|I hate public dog parks. As someone who worked as a full-time emergency vet for 6+ years, I have seen the worst from these parks. Infectious diseases, parasites, and dog fights are all risks you take when you take your dog to a public dog park. I understand that these parks provide a space for dogs to run, and that is helpful for owners who don’t have fenced in yards at home. However, you need to make sure you and your dog are prepared if this is a regular part of your routine. Your dog needs to be up-to-date on all vaccines. This include the core vaccines of rabies and distemper, as well as protection against Bordetella and influenza. A fecal test should be run on a regular basis, as the risk of acquiring intestinal parasites is high. Regular use of heartworm preventatives will help, but don’t cover all parasites your dog may encounter.
Make sure you have control over your dog with the basic commands. Come, sit, stay, and leave it can all come in handy. You need to understand your dog’s body language and be able to read other dog’s body language. That way you can intervene early before things escalate. If things are out of control at the park, leave before you have a problem. Don’t assume that other people’s dogs are friendly and well behaved or that the owners have control over their dogs.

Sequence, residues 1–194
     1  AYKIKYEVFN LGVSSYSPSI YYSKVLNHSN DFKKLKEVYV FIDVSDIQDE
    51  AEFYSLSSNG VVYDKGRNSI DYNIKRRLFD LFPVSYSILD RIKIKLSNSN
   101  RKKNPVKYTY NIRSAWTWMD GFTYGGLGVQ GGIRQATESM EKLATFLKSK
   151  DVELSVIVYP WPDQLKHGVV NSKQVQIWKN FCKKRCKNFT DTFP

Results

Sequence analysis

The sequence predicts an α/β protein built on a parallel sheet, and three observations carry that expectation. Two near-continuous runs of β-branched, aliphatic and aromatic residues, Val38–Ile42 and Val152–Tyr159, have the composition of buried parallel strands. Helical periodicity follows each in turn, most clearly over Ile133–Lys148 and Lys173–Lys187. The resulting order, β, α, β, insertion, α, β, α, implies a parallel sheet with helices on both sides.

Luckily, in this area, we have two parks that are privately run and can help mitigate some of these risk factors. Awesome Dawgs and Godfrey’s Dogdom both run private dog parks. Both require proof of vaccines, and all the dogs are screened for behavior before being allowed to play in the park. If your dog is not social, these parks can also be rented for private use. Yes, there are fees to use these parks and they are not open 24/7, but at least you know that your dog will have less risk, and hopefully a better experience.
Ann E. Bastian, V.M.D.